GMR Women's Leadership Award Winners

On Thursday, April 26th, the first-ever Green Market Report Women’s Leadership Awards ceremony was held at The Green Market Report Women’s Summit in Manhattan, NYC to honor female and female-identifying cannabis professionals in categories ranging from Cultivation to Activism and Politics. 

The Women’s Leadership Award in the Brands category went to Nancy Whiteman, CEO of Wana Brands. Honored for her adroit management of Canadian cannabis company Canopy Growth’s acquisition of 100% of each Wana entity as well as her commitment to social equity in cannabis, Whiteman was also lauded for her innovative new product lines and product development. Khadijah Tribble, Vice President of Corporate Responsibility at Curaleaf, (OTC: CURLF) received the Women’s Leadership Award in the MSO category. A highly-respected expert on equity and inclusion in cannabis, Tribble created and runs Rooted in Good, one of the most robust corporate responsibility programs in any industry, and is also the founder of Marijuana Matters, a cannabis education and advocacy incubator. 

The Women’s Leadership Award in Marketing went to Natalie Shaul, Co-Founder and VP of Marketing at Springbig. Shaul was instrumental in Springbig’s pivot to cannabis and is known as a trendsetter, job creator, fundraiser and changemaker in the industry. Shaul has helped thousands of cannabis retailers while her business has created more than 80 jobs across South Florida while providing discounted services to support veteran and minority-owned cannabis businesses.

Kim Rivers, CEO of Trulieve Cannabis Corp., was given the Women’s Leadership Award in the C-Suite- Public Company category. She is the only female CEO of a publicly traded company in the cannabis space. A former lawyer, Rivers has since spearheaded the largest cannabis acquisition deal to date with Trulieve’s purchase of Harvest Health & Recreation. Rivers was also instrumental in Trulieve’s Environmental, Social and Governance report, the first of its kind from an American MSO. The award for Women’s Leadership in the C-Suite Private Company category went to Ralina Shaw, founder of House of Tyne and leadership team member of 4thMVMT, a leading social impact organization with a mission to support those disproportionally impacted by cannabis laws. She is also one of the few BIPOC executives in the PR and Retail space.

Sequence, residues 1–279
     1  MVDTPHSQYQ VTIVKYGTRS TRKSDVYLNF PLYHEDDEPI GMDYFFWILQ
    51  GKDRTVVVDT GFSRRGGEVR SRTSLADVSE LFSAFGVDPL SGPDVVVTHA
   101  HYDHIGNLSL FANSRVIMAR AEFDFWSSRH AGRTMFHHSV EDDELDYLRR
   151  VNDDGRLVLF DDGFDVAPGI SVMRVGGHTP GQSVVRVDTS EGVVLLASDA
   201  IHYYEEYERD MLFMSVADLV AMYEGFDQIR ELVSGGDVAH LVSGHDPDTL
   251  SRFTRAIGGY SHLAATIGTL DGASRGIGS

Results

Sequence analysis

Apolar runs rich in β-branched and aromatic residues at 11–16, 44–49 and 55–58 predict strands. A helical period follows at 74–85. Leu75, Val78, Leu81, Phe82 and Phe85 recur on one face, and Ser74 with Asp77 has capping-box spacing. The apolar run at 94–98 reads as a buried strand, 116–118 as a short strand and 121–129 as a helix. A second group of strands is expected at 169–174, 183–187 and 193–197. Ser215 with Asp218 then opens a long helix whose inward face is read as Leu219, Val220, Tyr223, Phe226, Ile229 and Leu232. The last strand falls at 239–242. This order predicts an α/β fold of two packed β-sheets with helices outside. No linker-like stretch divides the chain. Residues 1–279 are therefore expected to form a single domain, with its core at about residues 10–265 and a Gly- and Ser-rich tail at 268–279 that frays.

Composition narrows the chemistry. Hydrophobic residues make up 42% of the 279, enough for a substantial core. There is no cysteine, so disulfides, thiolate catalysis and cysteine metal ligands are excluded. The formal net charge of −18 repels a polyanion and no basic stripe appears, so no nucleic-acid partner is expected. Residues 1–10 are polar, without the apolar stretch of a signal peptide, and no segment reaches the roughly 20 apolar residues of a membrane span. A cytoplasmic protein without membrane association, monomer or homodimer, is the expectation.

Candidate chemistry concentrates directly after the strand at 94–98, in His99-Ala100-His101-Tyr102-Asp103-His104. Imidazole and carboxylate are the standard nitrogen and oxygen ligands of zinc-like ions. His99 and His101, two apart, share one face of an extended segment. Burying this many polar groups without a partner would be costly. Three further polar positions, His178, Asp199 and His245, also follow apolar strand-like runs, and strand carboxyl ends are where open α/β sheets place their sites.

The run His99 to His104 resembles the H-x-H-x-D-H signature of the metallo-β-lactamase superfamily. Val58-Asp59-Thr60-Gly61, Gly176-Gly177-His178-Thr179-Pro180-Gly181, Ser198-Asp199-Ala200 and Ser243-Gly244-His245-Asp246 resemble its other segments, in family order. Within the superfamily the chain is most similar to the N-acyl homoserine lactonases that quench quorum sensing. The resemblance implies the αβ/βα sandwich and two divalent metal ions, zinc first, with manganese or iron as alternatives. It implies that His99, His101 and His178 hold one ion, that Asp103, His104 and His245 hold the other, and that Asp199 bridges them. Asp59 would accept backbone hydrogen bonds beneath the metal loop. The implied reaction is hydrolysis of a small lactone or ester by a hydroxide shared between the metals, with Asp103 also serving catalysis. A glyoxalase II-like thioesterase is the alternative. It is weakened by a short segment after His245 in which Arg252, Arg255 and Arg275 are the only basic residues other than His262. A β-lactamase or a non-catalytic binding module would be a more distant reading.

Founder and CEO of Women Employed in Cannabis (WEIC) Kyra Reed was given the Women’s Leadership Award in Activism/Politics for her helming of the largest association for women working in cannabis, psychedelics, hemp & CBD. Named as a “Social Media Pioneer” by Entrepreneur Magazine, Reed has grown WEIC into a 15,000 member organization as well as the premiere brand and international organization dedicated to empowering women to achieve their goals.

The Women’s Leader Award for Cultivation went to Joyce Cenali, COO of Sonoma Hills Farm. Under Cenali’s leadership, Sonoma Hills was the first farm to be recognized as “organic comparable” as designated by CCOF’s OCal program. She co-founded an Emerald Cup-winning organization and supports female founders innovating in cannabis with a mission to advance a regulatory model that unites capitalism and inclusion. Chanda Macias, PhD, CEO of Ilera Holistics, took home the award for Women’s Leadership in the Science category, in no small part for her role as the first Black woman medical cannabis operator as CEO of National Holistic Healing Center—the largest medical marijuana dispensary in Washington, D.C.  She is also Chairwoman of the Board of Managers and CEO for Women Grow and First Vice Chair of the National Cannabis Roundtable Board.